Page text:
Making a date to tackle abusive relationships
EDUCATING YOUNG PEOPLE about healthy relationships is the key to preventing domestic violence, according to Jewish Women’s Aid (JWA).
Claire Godley, education co-ordinator for JWA, the community’s leading domestic violence charity, said: “We have to teach young people early on about what is healthy and what is not if we want to prevent violence and abuse.”
Ms Godley was speaking at the launch of the charity’s Safer Dating programme, set up to tackle the lack of services for young people.
“Very few 16-to-18-year-olds receive education on relationships in the sixth form,”Ms Godley stated. “It has long been clear to us that, as well as providing refuge and counselling, we must also try to prevent people from becoming trapped in abusive relationships to start with.”
At the launch, young people heard how to spot signs of abusive relationships such as emotional manipulation, control, and lies.
Batsi Cohen, 18, said she was never taught about healthy relationships in school and had never had an adult explain what to do if she was in an unsafe relationship.
“It is important for both people in a relationship to know the boundaries of what is right or wrong,” she said.
“If you don’t get taught that, then it can mean you accept things that you shouldn’t.
“I know a lot of Jewish people who are in violent relationships and I think it is important to educate young people early, so that doesn’t happen.”
Debbie Kay, 18, said: “When you are young, you can be blinded by love and not know that what is happening to you is not OK.”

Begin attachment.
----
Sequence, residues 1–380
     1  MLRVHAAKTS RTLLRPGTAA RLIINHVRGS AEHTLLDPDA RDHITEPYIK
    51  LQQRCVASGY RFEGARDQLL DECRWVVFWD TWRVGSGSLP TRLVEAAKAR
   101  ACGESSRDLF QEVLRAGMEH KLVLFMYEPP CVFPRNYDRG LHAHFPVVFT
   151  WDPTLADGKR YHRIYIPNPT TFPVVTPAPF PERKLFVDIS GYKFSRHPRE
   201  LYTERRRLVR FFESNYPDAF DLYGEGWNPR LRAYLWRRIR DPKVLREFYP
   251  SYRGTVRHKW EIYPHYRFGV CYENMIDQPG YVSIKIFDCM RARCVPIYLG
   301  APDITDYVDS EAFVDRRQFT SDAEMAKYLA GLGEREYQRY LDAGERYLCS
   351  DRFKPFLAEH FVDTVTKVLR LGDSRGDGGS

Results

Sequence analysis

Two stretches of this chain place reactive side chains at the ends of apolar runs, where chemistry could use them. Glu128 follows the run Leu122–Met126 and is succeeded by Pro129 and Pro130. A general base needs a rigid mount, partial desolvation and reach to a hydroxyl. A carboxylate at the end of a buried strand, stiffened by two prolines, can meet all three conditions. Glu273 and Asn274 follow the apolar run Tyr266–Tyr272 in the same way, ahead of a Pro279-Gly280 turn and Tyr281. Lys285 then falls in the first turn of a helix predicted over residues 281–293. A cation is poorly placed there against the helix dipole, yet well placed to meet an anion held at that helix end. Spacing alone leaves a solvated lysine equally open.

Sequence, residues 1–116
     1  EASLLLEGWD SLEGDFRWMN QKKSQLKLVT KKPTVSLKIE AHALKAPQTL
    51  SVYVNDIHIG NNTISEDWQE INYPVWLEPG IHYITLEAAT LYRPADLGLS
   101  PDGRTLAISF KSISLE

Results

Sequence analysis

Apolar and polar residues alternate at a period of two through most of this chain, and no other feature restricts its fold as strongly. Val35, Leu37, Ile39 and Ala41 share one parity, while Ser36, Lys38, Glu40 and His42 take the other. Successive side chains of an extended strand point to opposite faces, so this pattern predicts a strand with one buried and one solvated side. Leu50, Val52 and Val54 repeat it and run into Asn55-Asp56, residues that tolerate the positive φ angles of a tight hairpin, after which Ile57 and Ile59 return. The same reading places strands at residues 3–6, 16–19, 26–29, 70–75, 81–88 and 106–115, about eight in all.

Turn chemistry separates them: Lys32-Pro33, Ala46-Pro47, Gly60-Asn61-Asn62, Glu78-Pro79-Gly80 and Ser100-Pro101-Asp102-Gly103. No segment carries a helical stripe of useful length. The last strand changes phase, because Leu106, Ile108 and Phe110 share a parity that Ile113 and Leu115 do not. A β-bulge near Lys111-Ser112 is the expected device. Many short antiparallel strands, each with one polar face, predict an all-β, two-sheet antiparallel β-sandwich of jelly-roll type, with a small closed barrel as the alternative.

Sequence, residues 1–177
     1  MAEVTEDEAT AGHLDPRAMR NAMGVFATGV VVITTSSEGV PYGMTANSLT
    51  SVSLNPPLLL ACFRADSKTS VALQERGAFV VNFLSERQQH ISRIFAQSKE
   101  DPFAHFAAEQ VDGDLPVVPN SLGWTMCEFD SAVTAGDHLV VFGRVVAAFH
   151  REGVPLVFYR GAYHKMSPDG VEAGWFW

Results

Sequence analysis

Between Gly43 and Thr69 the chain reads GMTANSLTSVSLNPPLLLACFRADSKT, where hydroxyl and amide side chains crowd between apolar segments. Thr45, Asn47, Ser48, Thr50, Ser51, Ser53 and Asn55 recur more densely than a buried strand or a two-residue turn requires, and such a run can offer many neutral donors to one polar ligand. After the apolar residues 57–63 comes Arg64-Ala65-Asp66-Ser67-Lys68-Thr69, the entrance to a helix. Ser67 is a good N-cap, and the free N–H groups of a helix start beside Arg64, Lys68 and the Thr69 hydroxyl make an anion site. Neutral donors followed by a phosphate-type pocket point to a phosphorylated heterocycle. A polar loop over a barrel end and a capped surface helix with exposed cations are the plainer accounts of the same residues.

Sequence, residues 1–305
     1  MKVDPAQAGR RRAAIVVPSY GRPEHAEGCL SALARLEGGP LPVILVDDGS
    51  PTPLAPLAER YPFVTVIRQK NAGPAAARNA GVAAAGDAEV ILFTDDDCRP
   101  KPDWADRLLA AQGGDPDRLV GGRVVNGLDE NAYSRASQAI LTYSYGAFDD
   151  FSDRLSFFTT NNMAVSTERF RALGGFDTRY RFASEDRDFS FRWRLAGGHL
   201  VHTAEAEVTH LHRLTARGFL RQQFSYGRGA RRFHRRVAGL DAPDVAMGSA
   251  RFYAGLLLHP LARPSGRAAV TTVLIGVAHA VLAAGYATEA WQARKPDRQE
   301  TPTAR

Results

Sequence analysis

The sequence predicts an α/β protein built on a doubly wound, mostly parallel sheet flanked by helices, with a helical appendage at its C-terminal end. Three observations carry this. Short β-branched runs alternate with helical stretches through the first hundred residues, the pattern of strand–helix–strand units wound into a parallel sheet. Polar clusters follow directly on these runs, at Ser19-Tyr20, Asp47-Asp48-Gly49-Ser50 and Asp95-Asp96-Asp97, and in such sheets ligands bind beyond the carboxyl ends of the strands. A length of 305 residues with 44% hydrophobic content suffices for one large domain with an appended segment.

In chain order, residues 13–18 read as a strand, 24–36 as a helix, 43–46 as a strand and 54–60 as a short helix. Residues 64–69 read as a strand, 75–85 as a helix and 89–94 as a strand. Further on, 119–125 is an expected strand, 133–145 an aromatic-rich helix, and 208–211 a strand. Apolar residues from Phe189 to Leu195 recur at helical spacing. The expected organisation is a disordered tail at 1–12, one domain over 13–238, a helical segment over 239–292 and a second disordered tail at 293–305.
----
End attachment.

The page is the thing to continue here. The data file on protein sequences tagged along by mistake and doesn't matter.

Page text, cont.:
Educators from JWA’s dating programme have already visited 11 Jewish schools to teach students how to spot and respond to controlling behaviours.
Ms Godley said: “There is a growing and worrying trend of stalking, abuse and harassment on campus. Jewish students are not immune from this.
“No one wants to envisage abuse happening to them, so we try to encourage young people to look at abuse in the context of a friend who might notice something going wrong.”
Emma Gordon, 25, attended Monday evening’s event in central London. She said: “My fear is people don’t talk about it because they think it doesn’t happen in the community.
“The more we talk about it, the more people will feel OK about it and they will know they can get help.
“It was never something I was taught about in school, but it is really important to define what a healthy relationship is because it
Taking a bite out of the issues will affect the type of relationship you have later in life.”
Alex Hisenrath, head-boy of Hertfordshire’s Immanuel College, took part in one of the Safer Dating sessions.
He argued that modern culture and the behaviour of young men who were influenced by pornography meant “there was a lot of expectation, especially in the bedroom, for young people.
“Education needs to be the tool to stop that. JWA has given me the confidence to spot if something is wrong with one of my friends’ relationships.
“Even in a Jewish school, students are going to be having sex and it is better to teach them about safe relationships and sex so they make the right choices.”
Joel Salmon, of the Board of Deputies, and guest speaker at the JWA launch, said: “Young people are statistically the most at risk of intimate partner violence. It is crucial that this age group has access to information about what makes a healthy relationship.
“We know the build-up to a serious assault often involves less obvious forms of abuse and controlling behaviours. JWA’s programme handles the issues sensitively. “Family and friends are influential and role models in the community are really important.”
On a roll: around 50 people attended JWA’s Safer Dating event